Yes Ken.. the paint would need to be removed around areas requiring solder.. and the seams are not locked like the preferred "Pittsburg-seam" (ala "Perfect" brand tank construction) that you enlightened me about.. back when I was building my 1st hard-tank for the speed contest. I'm guessing that a locked-seam holds up better under vibration over the course of time. I would think that the seams in a spice-tin would be plenty strong for a sport model.. as long as they're reinforced with a good hot flow of solder. The joint/seam is already formed.. and it's just a matter of heating it up and flowing the solder in. Granted.. I've never used a spice-tin.. but if I were to try it; I'd use a wire-wheel/brush preferably in a dremel-tool to remove the paint around the seams. If it's a shallow tin (2oz. like Bob's considering..) he could easily solder the inside seams as well, with any common 25W pencil-iron. The rear cap should be removed completely.. which would allow all the paint to be removed from it.. as well as the area where it snaps on.

K & S copper-tube plumbing is the way to go.. but if you don't have any.. you can wait until your next parts-order.. or improvise. I bought a coil of "Sunpro" (CP8574) copper tubing at the local automotive parts store that would plumb several hard-tanks.




I'd use a Dubro or Sullivan tank if I had one on hand. Yea they're only around $5.. as are bell-cranks, control-horns, a container of your chosen paint color.. etc. etc. Like many of us; I have several models in various stages building queue.. that will need extra stuff that didn't come with the kit. wheels.. if required.. another 10-20 bucks.. let alone scratch-builds that didn't come with anything. I've always approached building stuff from scratch if possible. It may not last forever.. but what does?
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Re: A PVC fuel tank?

Post  rsv1cox on Sun Jul 12, 2015 4:57 pm

Well, the fuel tank problem is solved. While going though a box of my old stuff I found this Hayes Products 2 oz tank. I will have to remove a bit of the third former to get it to fit, but that's not a problem.



I'm not wild about the forward looking vent and filler, I will have to do some plumbing there.

I'm still agonizing about how to power it. This McCoy .35 fits well, but I'm leaning toward the silver head McCoy .29



Thoughts appreciated.
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Re: A PVC fuel tank?

Post  Marleysky on Sun Jul 12, 2015 6:08 pm

Bob,  I like the silver 29,  BUT, if mounted as shown in the last picture, it'd give you a nice sharp flat spin!!   Silver cowl, silver engine.....Hi, Ho, Silver!

Roddie ,  I can hear your wife now "Roger, have you seen my All spice can??"  You are a modelers modeler! Always looking for alternative uses for everyday items. Now, I gotta go dumpster diving at the Heating and Cooling guys place  for copper tube outa old A/c units  affraid

Additional thoughts on the pilots relief tube, could also be the outlet for the RC receiver antenna, if it was to be set up for RC.  
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Re: A PVC fuel tank?

Post  rsv1cox on Sun Jul 12, 2015 6:26 pm

Marleysky wrote:Bob,  I like the silver 29,  BUT, if mounted as shown in the last picture, it'd give you a nice sharp flat spin!!   Silver cowl, silver engine.....Hi, Ho, Silver!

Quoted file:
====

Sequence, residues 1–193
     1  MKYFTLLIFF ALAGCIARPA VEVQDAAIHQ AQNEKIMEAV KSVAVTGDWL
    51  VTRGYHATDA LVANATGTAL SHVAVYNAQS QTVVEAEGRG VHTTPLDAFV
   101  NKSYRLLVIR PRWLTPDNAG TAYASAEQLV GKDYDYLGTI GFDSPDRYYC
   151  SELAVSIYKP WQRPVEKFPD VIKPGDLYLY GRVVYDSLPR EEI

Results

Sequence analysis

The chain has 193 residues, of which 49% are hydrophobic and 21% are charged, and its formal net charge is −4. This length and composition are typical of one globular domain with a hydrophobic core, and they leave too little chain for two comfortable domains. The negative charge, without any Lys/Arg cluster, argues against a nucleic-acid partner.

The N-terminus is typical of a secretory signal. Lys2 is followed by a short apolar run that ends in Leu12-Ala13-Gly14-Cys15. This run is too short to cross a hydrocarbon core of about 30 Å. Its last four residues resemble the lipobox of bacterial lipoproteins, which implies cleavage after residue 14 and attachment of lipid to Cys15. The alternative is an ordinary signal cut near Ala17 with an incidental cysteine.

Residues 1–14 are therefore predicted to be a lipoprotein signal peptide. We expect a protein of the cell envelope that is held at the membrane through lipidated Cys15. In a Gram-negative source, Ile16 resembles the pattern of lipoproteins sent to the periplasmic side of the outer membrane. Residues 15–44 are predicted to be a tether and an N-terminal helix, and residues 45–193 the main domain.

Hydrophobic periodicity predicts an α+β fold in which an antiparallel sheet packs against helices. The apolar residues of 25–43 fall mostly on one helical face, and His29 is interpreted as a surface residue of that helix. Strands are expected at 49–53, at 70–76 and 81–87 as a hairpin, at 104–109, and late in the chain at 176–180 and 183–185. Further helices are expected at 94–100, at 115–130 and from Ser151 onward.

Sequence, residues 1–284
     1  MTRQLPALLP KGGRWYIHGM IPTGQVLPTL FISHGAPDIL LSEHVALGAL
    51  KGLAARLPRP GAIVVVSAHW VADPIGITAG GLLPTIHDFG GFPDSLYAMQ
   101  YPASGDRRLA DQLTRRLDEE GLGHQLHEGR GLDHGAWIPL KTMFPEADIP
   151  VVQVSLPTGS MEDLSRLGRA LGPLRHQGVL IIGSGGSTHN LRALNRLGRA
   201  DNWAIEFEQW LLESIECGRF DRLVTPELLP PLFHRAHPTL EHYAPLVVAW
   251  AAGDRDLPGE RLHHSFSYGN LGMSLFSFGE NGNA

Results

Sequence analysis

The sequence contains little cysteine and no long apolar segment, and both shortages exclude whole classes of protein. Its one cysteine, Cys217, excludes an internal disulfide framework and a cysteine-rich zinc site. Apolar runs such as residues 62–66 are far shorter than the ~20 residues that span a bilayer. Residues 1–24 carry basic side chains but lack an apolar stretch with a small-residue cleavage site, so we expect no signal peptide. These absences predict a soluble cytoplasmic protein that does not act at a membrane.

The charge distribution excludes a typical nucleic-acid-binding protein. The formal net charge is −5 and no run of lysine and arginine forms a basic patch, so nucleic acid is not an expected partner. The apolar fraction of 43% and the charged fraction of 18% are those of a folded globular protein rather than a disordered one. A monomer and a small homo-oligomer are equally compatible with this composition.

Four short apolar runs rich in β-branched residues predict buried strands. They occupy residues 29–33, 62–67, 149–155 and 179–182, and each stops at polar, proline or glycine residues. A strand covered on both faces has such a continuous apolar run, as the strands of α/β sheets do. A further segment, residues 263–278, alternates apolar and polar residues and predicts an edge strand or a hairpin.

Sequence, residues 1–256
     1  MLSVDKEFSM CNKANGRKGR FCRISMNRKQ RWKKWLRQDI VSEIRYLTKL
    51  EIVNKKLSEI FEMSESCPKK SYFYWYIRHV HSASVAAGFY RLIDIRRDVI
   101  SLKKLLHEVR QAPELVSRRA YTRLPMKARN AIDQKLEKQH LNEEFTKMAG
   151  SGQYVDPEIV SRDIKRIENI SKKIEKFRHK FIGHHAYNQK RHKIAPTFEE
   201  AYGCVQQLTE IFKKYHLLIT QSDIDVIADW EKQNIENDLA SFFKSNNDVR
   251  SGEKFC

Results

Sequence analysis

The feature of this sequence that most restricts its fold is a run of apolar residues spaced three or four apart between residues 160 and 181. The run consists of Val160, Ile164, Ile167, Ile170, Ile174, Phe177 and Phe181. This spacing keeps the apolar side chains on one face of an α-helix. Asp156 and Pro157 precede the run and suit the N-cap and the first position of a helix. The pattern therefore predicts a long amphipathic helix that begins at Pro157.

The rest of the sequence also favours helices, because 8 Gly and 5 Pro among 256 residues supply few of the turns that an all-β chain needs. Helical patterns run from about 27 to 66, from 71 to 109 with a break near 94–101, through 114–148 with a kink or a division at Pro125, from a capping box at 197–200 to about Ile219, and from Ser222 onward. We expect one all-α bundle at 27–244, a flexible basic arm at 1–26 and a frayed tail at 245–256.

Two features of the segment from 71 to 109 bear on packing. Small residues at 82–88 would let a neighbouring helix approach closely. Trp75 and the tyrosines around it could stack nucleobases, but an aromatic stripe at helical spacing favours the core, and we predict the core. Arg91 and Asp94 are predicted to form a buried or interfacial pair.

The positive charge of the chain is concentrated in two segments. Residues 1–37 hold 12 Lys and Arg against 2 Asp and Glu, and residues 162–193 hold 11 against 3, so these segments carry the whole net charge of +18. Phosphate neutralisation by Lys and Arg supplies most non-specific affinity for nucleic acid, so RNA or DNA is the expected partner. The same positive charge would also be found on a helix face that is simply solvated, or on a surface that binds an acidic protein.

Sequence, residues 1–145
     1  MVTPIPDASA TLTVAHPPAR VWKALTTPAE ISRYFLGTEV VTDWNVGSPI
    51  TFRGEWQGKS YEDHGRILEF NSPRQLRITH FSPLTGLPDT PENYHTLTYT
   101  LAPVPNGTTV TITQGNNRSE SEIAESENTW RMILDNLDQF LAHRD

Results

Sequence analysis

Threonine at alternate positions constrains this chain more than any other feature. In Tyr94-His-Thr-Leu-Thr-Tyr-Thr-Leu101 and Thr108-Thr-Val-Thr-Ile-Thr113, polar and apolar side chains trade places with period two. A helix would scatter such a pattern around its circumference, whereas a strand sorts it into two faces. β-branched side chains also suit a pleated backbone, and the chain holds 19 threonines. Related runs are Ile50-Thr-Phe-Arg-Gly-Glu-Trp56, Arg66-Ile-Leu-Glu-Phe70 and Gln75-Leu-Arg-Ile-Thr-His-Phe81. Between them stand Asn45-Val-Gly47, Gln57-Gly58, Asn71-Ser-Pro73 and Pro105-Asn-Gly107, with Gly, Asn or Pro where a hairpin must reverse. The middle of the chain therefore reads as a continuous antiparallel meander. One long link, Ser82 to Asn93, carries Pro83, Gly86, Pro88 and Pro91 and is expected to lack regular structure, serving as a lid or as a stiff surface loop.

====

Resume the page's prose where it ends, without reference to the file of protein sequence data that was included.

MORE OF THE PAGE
Yes... The 90 degree thrust effect.  Smile Bob

Additional thoughts on the pilots relief tube, could also be the outlet for the RC receiver antenna, if it was to be set up for RC.  
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Re: A PVC fuel tank?

Post  getback on Mon Jul 13, 2015 7:13 am

Put the red head to work , that's all you will need for power I think  4th of July Flag  have you considered how to mount that tank through the hole ? you will need some foam in there for the vibration and a way to steady it (mount ) If it were mine I would consider cutting a hatch  affraid I know !! Are you going to muffler the engine ? or how is the exhaust getting out the cowling , a lot of things to be considered other than the engine there ?confused  Eric Popcorn
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Re: A PVC fuel tank?

Post  andrew on Mon Jul 13, 2015 8:45 am

It's hard to tell, but the motor mounts look to be balsa. If that's the case, you'll need to make some modifications, particularly if you're planning to run a larger engine.
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Re: A PVC fuel tank?

Post  rsv1cox on Mon Jul 13, 2015 10:28 am

getback wrote:Put the red head to work , that's all you will need for power I think  4th of July Flag  have you considered how to mount that tank through the hole ? you will need some foam in there for the vibration and a way to steady it (mount ) If it were mine I would consider cutting a hatch  affraid I know !! Are you going to muffler the engine ? or how is the exhaust getting out the cowling , a lot of things to be considered other than the engine there ?confused  Eric Popcorn

I will just make an exhaust manifold for it and cut an opening in the spun aluminum cowl like I did on my Nieuport 28's. Easy enough to do.



I'm not having any luck starting that silver head McCoy .29. Can't figure it out, compression, spark, and fuel all in the proper amounts. Same with the red head .19 McCoy. I may not be holding my mouth right. I might have to resort to one of my McCoy Series 21's. Never let me down engines and easy starting.

I plan on using RTV to secure and insulate the tank, a little on the end and around the bearers. I can't get in there to use rubber bands to secure foam and it's a tight fit anyway.

Yes, I believe those rails are balsa, if so that's something else I will have to deal with. I have lots of poplar to epoxy in there.